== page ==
Guest Blog #1 Koh Tao by Ayesha Cantrell, Master Divers

Clean ups really make me mad, not doing them but the fact that they have to be done.  It amazes me that the human race has come so far but we still don’t seem to be able to dispose of our litter and waste properly.

I’m one of the owners of Master Divers  which is a dive centre located on the island of Koh Tao in Thailand.  It’s a small island that sees a lot of visitors and it angers me that some just don’t take care.  After all people visit because it’s beautiful: so why leave your rubbish on the beach where you have been lounging all day?  Who do you think is going to pick it up? Clearly this is not everyone but it only takes a small percentage.  Don’t they realize their rubbish is likely to end up in the ocean destroying the marine life that you have come here to snorkel and dive with ?

A particular example of this would be a small cove on Koh Tao called Laem Thien. This little bay once played host to a resort which has since been abandoned.  The road is overgrown but it makes a great hike and it’s often visited by members of our team.  The resort is like a ghost town and spooky but great fun.  Visitors hike there too and we have noticed on our visits that the resort has accumulated a lot of plastic bottles  and other general rubbish which apparently visitors to the bay have left.  I’m not sure who they thought would take them away or why, as the bottles were empty, it was such a hassle to carry them back.  We have made this cove our pet project now and regularly go to clean it up.    On our last trip we collected, amongst many other things, 7 large rubbish bags full of just plastic bottles alone. We have now sited large bins and notices so atleast the rubbish is safe from reaching the ocean.

This nicely brings me to the next topic that makes my blood boil, single use plastic! The relationship to its consumption and any clean up you will have participated in is direct.  If not, spend 30 min with 2 hands clearing up and you’ll almost certainly see what I mean. Thailand has yet to lay down any rules regarding plastic bags so the amount consumed is immense add to that the fact that tap water isn’t safe to drink and you have a plastic mountain. As we all know plastic bags are extremely dangerous to marine life and plastic in general is infected our day to lives at an alarming rate.  So while I certainly do agree we need to keep our environment tidy and waste free, if we limited our waste to start with we wouldn’t be feeding the cycle.   And you know what – this isn’t difficult to do !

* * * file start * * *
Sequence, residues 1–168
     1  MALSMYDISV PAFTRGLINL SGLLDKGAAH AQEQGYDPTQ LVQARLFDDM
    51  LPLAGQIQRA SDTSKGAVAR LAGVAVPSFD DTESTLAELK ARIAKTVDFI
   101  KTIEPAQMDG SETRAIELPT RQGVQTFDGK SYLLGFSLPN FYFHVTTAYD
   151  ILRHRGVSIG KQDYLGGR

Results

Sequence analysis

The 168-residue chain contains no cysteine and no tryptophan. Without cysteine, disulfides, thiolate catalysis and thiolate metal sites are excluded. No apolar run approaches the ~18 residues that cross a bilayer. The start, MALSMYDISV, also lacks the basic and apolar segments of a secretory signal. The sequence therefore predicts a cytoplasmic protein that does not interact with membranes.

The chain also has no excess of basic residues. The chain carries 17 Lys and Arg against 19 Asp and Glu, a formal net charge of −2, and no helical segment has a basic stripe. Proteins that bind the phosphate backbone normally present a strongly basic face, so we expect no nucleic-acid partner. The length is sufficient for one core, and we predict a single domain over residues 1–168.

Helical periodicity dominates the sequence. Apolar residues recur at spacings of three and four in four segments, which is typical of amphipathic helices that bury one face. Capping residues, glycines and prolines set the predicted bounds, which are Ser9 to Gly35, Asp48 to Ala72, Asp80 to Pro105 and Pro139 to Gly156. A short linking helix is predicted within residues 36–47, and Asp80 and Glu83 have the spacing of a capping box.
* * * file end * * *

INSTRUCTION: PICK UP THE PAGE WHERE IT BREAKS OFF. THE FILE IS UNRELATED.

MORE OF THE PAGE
Personally the team have looked at their lives and minimized as much single use plastic as they can. In our house we use large returnable and refillable drinking water containers, refill our toiletries bottles, use a mineral stick deodorant and carry re-usable cloth shopping bags for groceries etc… We’ve implemented similar measures in our dive centre too.  Free water refills are available and divers are encouraged to use our re-usable take-away pots when going out for take-away.  We provide re-usable beakers for those who pop out to get a refreshing fruit shake from the nearby vendors too. We sell branded cloth bags with a no plastic message and we use them in the day-to-day dive centre tasks too.  We think carefully about each purchase and don’t buy, for example, single service coffee sachets.  We lobby suppliers where possible; our t-shirt supply doesn’t individually wrap in plastic anymore which was a huge win!

Education on the issue is key.  We explain the issue to every guest; we have also created a t-shirt to help spread the message too.  We have filmed a short video and are currently very involved with an island wide project to limit the use of plastic straws; as more bars and restaurants get involved more want to be involved.

Check out the video here,  “>at2bui-tGLU

As I said, it didn’t take much thought or cost a lot either but the impact it’s had on the waste produced is incalculable.

So please don’t just take 30 mins with 2 hands to clean your environment, take 30 mins and think about how to limit your contribution to this cycle too and help to stop feeding the plastic mountain!

Ayesha Cantrell

Master Divers, Koh Tao

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